Celebrated Japanese artist Yayoi Kusama is considering legal action against the organisers of several exhibitions in China made up entirely of fake works credited to her.

Counterfeit works by Kusama and her fellow contemporary Japanese artist Takashi Murakami have been shown in at least six Chinese cities since the spring, according the artists’ lawyers.

Most of the exhibitions were free of charge but a joint Kusama-Murakami event in Changsha, Hunan province, charged a US$10 (£7.70) admission fee, Japanese media said.

Earlier this month, organisers shut down an exhibition in Shanghai after receiving a written warning from Kusama’s legal team, but the show in Changsha is still open to the public.

Kusama’s lawyers are trying to identify the organisers of the other fraudulent exhibitions and could pursue both civil and criminal action for copyright infringement and violations of Chinese laws, Japan’s public broadcaster NHK said.

Murakami’s lawyer, Hiroshi Kamiyama, told the Nikkei Asian Review he was considering taking similar action, describing the fake exhibitions as “extremely malicious”.

The Yayoi Kusama Foundation said all of the Chinese exhibitions featured forgeries and had been held without the artist’s permission.

Yayoi Kusama at work
 Yayoi Kusama at work. Photograph: Itsuo Inouye/AP

“Such actions are a serious infringement of the artist’s copyright and international fame and brand and harm the interests of the foundation,” it said in a statement.

“These dishonest acts are a violation of public morals and decency of a notably malicious nature, and are a contemptible transgression of the originality and copyrights of all artists. We therefore strongly condemn these actions.”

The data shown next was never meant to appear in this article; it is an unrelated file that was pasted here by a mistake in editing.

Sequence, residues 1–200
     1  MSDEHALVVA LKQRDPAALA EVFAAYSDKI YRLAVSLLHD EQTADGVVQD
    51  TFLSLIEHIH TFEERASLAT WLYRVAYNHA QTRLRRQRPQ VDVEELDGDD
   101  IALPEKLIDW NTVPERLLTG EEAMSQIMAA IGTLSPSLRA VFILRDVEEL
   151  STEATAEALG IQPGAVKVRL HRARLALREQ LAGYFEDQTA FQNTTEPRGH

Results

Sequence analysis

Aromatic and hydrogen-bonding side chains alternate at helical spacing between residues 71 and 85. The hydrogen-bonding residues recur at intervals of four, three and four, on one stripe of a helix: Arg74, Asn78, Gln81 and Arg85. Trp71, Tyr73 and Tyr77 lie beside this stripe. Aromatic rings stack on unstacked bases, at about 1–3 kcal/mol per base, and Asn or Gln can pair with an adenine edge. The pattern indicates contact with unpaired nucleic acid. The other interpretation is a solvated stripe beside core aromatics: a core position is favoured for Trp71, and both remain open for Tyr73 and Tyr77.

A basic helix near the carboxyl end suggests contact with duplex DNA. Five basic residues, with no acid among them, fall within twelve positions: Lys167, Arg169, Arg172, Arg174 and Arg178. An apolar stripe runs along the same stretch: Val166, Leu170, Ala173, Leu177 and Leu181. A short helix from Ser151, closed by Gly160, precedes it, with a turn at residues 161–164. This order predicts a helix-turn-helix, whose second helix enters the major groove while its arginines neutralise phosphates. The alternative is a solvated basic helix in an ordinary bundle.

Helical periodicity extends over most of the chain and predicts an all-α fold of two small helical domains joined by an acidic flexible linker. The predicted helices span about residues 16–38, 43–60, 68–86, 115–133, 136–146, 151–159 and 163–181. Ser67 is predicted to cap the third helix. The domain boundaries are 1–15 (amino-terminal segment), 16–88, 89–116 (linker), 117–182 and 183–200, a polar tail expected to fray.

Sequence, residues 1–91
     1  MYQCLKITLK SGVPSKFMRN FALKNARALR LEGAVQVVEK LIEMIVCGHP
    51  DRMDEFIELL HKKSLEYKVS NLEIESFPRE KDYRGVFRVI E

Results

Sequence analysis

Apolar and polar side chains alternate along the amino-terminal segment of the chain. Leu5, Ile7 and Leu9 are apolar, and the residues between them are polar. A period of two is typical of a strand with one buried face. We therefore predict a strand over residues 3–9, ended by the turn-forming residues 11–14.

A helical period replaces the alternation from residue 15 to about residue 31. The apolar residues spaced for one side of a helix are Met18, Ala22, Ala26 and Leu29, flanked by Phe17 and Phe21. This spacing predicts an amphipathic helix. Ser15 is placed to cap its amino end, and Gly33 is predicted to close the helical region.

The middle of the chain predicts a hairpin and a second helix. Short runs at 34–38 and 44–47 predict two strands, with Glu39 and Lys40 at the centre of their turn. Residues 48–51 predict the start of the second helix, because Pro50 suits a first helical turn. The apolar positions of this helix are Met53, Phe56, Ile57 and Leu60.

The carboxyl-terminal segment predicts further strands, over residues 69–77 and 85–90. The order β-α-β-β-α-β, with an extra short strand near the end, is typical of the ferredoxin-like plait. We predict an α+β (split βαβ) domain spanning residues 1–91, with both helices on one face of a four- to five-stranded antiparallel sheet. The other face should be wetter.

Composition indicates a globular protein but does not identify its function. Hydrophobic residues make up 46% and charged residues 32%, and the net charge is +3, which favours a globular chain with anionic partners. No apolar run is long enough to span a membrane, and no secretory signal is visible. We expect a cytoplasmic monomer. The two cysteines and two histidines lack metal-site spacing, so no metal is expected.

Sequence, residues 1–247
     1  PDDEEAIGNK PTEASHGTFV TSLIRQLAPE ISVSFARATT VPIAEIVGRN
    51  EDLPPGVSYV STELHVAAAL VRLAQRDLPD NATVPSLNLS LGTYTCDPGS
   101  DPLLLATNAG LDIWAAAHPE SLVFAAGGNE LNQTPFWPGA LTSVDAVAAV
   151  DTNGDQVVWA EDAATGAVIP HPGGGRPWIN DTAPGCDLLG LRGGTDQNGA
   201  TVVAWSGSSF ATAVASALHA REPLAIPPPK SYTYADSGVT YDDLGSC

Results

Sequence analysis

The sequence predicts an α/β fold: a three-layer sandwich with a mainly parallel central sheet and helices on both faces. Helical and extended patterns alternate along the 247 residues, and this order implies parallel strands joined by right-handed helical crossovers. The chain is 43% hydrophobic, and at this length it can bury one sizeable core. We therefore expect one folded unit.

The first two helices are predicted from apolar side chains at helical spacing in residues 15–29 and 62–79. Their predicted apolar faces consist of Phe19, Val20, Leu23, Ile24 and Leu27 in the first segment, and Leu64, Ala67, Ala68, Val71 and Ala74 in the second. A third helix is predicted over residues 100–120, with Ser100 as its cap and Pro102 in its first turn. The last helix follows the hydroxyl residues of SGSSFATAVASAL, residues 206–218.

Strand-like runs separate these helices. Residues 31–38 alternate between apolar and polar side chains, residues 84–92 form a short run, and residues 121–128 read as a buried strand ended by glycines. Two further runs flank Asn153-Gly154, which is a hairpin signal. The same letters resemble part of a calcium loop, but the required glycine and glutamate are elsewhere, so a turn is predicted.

The exhibitions include forgeries of the trademark polka-dot installations that have brought the 89-year-old Kusama international acclaim.

Her art has appeared at the Tate Modern, the Pompidou in Paris and the Hirshhorn Museum and Sculpture Garden in Washington, and last year saw the opening of a museum in Tokyo devoted to her life and work.

Her career spans six decades, but it is only in the past 20 years that Kusama’s abstract impressionism and pop art have attracted widespread interest.

While Kusama’s style has divided critics, she was named the world’s favourite artist in 2014, the same year one of her paintings sold for $7.1m.

Chinese firms have been accused of producing fake Japanese manga, anime films and popular characters, but this is thought to be the first case involving art exhibitions.

In 2016, a Chinese toymaker was fined for producing unauthorised products modelled on Kumamon, the much loved – and highly lucrative – official mascot of Kumamoto prefecture in south-west Japan.


  1. Celebrated Japanese artist Yayoi Kusama is considering legal action against the organisers of several exhibitions in China made up entirely of fake works credited to her.